How External Insights Can Improve Employee Learning
The art of looking
I used to deliver an innovation module as part of an MBA qualification. I mention it in the book a few times and it is something I am immensely proud of. I mention this here because I want you to take a moment to think, what is truly innovative? I am sure the success of the module was because I did something ‘out of the norm’ right from the start. I was clear from the beginning, I could not ‘lecture’ on an innovation module, it clashed with my belief system of what learning and development was. The unit had a model developed by Paul Burns that really drew me in. It was a typical four-box grid that is so beloved by many in the industry and titled “ingredients of failure”. The four boxes had the titles “business decisions”, “company weaknesses”, “external environment” and “entrepreneurial character”. It is a model that got the group talking, turning around the ingredients of failure and labelling the ingredients of success. Burns put in the middle of the four boxes the word ‘luck’. This word grated on me; although he makes a great argument in his book, the word for me just felt strange being there. The group debated this arguing in favour of Burns, of me, of neither, of both. Then someone in the group shouted, “what if you substituted the word ‘luck’ for ‘LOOK’?”
Suddenly the group got excited, and we debated that change for quite a while after. This story resonates still, some 12 years later, and it is a key element that has helped me approach the book.
When I contacted Steve for help, I had the basics of my idea laid out. He said to me that any book needs to have a number of ingredients: who is the audience and why would they find this useful?; what are the start and end point?; what do you want the readers to feel as they read the book?; what do you want the readers to learn?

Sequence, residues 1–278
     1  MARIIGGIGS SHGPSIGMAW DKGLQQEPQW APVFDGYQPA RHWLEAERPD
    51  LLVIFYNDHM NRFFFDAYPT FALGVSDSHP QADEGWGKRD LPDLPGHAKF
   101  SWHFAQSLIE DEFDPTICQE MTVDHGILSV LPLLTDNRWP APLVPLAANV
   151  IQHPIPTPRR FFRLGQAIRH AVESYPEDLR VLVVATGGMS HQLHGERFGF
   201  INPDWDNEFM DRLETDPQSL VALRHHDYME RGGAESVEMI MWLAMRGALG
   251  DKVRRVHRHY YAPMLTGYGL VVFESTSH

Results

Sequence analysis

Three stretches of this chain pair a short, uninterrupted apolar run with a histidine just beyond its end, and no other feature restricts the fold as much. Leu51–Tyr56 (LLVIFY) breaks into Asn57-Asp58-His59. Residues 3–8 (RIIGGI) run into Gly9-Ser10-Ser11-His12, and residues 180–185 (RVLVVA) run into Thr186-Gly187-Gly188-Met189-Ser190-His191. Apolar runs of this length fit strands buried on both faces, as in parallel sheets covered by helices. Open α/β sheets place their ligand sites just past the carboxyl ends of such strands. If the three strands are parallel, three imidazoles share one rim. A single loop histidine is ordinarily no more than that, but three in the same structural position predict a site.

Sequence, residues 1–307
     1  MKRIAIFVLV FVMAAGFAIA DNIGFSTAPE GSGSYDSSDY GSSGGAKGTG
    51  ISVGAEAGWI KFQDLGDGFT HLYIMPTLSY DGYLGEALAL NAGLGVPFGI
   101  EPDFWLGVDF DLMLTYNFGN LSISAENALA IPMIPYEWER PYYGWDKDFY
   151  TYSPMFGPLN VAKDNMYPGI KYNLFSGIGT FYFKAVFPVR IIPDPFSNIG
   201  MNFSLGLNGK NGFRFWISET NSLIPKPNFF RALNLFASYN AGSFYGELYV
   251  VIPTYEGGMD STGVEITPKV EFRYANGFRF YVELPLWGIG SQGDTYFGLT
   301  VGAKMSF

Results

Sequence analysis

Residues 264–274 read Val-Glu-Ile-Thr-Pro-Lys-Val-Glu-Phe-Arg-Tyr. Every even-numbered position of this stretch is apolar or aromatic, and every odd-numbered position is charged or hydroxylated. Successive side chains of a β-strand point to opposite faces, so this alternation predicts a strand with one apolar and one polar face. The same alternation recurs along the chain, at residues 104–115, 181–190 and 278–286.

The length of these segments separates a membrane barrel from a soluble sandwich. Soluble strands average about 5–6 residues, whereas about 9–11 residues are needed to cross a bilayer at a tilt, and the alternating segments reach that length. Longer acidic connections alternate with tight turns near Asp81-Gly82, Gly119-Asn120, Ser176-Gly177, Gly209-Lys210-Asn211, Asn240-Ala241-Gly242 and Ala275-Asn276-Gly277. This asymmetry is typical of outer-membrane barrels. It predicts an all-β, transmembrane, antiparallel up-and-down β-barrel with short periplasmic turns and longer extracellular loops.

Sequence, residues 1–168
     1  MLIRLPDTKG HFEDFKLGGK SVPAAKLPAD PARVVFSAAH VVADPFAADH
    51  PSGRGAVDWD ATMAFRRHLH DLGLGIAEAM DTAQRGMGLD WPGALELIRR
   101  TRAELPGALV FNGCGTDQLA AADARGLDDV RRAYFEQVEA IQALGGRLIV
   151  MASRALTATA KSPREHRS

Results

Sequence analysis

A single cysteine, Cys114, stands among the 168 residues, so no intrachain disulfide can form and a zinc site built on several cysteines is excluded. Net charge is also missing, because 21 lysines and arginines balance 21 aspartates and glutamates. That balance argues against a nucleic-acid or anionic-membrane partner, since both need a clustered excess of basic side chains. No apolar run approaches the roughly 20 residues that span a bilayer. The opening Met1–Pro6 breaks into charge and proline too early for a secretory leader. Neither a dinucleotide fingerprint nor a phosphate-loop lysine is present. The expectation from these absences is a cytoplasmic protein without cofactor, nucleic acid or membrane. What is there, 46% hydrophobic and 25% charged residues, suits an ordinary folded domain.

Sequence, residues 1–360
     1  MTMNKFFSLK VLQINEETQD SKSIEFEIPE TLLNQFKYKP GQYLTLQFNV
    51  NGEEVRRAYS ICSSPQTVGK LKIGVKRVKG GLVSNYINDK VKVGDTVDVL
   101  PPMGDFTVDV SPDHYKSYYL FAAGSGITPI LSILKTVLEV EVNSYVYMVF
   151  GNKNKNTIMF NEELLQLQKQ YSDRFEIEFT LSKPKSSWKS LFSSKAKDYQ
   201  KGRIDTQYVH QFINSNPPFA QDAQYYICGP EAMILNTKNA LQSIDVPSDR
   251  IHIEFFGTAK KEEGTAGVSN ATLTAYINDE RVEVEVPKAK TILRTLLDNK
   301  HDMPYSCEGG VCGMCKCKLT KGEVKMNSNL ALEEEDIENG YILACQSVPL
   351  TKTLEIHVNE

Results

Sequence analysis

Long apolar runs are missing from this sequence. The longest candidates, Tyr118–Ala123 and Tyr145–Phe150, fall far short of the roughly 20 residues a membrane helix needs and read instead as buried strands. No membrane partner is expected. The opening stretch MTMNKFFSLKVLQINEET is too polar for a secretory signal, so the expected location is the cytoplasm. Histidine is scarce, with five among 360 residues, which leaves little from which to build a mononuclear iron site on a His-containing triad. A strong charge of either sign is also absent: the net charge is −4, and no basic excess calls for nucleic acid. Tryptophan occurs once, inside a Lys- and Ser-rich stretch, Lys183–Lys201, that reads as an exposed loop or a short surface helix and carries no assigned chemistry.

Adapting ideas to work for you
We had the idea of doing an A-Z format. We came up with three words for each letter of the alphabet (entrance, energy and emotion for e and hope, hype and humour for h, as examples). The evolution of that first set of thoughts to the final published book took a number of iterations. Removing the A-Z element has allowed us to focus on the self and the audience and, most importantly, it led us to the framework. Our framework is essentially a series of questions that allow someone to work through how they can use learning from one aspect of their life and apply it in another. It also allows L&D professionals to help people see the strengths the workforce has. In addition, candidates can use it as preparation for interviews in roles that may not at first glance appear to be ‘for them’. The uses are vast.
Looking for insights from new areas
The road to publishing has caused both Steve and me to ‘look’ at our book in a number of different ways. This has played out in our roles too. The insights we gained from the world of the arts have helped us look at several things differently. It has confirmed things, challenged thinking, allowed us to explore the purpose of our roles through different lenses and provide practical insights to the challenge that is espoused in a number of arenas - learning needs to learn from other areas of the business.
The title question of this article - ‘how external insights can improve employee learning’ - rests with one fundamental belief: we are more than our job descriptions. In organizations, we very quickly become immersed in our role. The demands of the tasks in hand, the processes we follow, the people we interact with and the pressure of time, all lead to a reduction in time spent getting tasks done.
Our book provides a few anecdotes of how practitioners use their learning in one arena to be better in their current roles. In the very early days of my career, the organization I worked for brought in an external training company to deliver a behaviour-based course. The one thing I remember was an image on the overhead projector. It was two hands on either side of a brain. The only writing on the acetate were the words “with every pair of hands you hire, you get a brain!”
Steve talks a lot about how the ‘human’ element is missing in learning. How can this be? Learning is a fundamental human trait, it “is our USP”.